ATHENS — Kirby Smart didn’t hesitate when asked what separates this Georgia football team from last season’s national champions.
“Hellified leadership,” Smart said, using a word that, per a quick Google search means “complete, extreme and noncomparable.”
Indeed, this version of the No. 1-ranked Bulldogs doesn’t have a record 15 players on the verge of being drafted like last season’s national champions, or experienced depth at every position.
No, this season’s group has had to grow as the season has progressed, and that has meant players have had to hold one another accountable.
“The leaders on this team stand up,” Smart said. “I asked them …. ‘What makes you different than last year’s team?’ And they said, ‘Our response to adversity.’ "
When things went wrong in a 41-24 loss to Alabama in the SEC title game, last season’s group admitted they didn’t respond the right way.
But this year’s team looks different and could win the school’s first SEC Championship Game since 2017 and have a perfect undefeated season.
Sophomore middle linebacker Jamon Dumas-Johnson, named a Butkus Award finalist on Tuesday, is the player most closely associated with that player-led mentality on account of the animated discussions he has had on the field and the sideline with teammates.
Part of that is Dumas-Johnson’s role to communicate play calls and adjustments, but another is his disposition.
It was Dumas-Johnson who said matter-of-factly before the South Carolina game that there were “not really too many challenges” with the Gamecocks’ offense — before the game.
Mind you, this is the same South Carolina team that just beat Tennessee 63-38 in that same Williams-Brice Stadium where Georgia met them.
And, of course, Dumas-Johnson was right, as Georgia beat South Carolina 48-7 and the Gamecocks didn’t score until there was less than a minute left and “JDJ” and other starters had been lifted.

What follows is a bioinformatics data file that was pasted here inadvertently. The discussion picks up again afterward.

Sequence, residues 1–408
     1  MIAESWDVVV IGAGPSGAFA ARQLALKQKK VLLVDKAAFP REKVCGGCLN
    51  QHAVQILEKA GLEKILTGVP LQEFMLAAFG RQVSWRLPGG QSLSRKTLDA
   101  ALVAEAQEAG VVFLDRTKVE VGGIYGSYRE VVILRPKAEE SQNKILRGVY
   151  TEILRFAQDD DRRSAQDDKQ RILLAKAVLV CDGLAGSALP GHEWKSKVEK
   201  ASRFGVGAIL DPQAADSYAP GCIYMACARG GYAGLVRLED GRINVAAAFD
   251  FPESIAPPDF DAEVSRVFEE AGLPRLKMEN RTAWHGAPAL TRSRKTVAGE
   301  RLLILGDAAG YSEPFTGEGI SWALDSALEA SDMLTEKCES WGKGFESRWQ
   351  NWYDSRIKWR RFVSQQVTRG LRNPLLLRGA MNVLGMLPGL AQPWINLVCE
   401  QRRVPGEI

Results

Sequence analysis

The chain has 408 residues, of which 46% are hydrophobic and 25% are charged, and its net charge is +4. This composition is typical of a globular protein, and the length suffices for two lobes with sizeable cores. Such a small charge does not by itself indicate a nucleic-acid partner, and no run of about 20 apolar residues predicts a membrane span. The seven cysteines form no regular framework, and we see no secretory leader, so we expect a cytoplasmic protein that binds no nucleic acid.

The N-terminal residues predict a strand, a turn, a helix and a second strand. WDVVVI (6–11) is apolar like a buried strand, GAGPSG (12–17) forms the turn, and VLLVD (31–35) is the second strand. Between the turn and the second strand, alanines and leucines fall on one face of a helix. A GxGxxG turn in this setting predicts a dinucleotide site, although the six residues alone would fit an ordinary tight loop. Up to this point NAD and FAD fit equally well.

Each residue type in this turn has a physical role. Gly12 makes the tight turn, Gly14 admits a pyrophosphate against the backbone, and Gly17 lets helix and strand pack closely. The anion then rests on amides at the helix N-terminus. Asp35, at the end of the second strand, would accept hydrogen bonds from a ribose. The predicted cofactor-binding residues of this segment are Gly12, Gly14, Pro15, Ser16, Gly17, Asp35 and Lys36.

Then there was the post-game Dumas-Johnson in Jacksonville, Fla., after the Bulldogs had turned back the Gators by a 42-20 count.
Dumas-Johnson stood in the postgame interviews with a sour look on his face, his hood pulled up.
“Disappointed,” he said. “We have standards on defense … we didn’t meet them.”
Smart recently revealed that Georgia’s defensive standard of not allowing more than 13 points in any game is still in effect.
Dumas-Johnson, recently asked if he was the catalyst of his defensive group, wondered aloud why he was always the player identified as such.
“The defense, we keep each other accountable,” Dumas-Johnson said, explaining the team dynamic.
“You know, I’ve been in a great room last year with the guys that left, and they had a great contribution to what I am trying to do in our room and to the team.”
To this point, it’s working, but there are challenges ahead starting with the noon game against Georgia Tech (TV: ESPN) on Saturday at Sanford Stadium.
The Bulldogs shut out the Yellow Jackets in a 45-0 win last season, and like it or not, this year’s team will continue to be compared to last year’s group.
To boot, Smart constantly reminds his team humility is a week away — and this season’s team does have plenty of room for improvement.
“Regardless of who we’ve faced, we stood up to the test that we’ve been asked to and am proud of what they’ve done,” Smart said. “But we’re not where we need to be. We’ve got to improve on both sides of the ball.”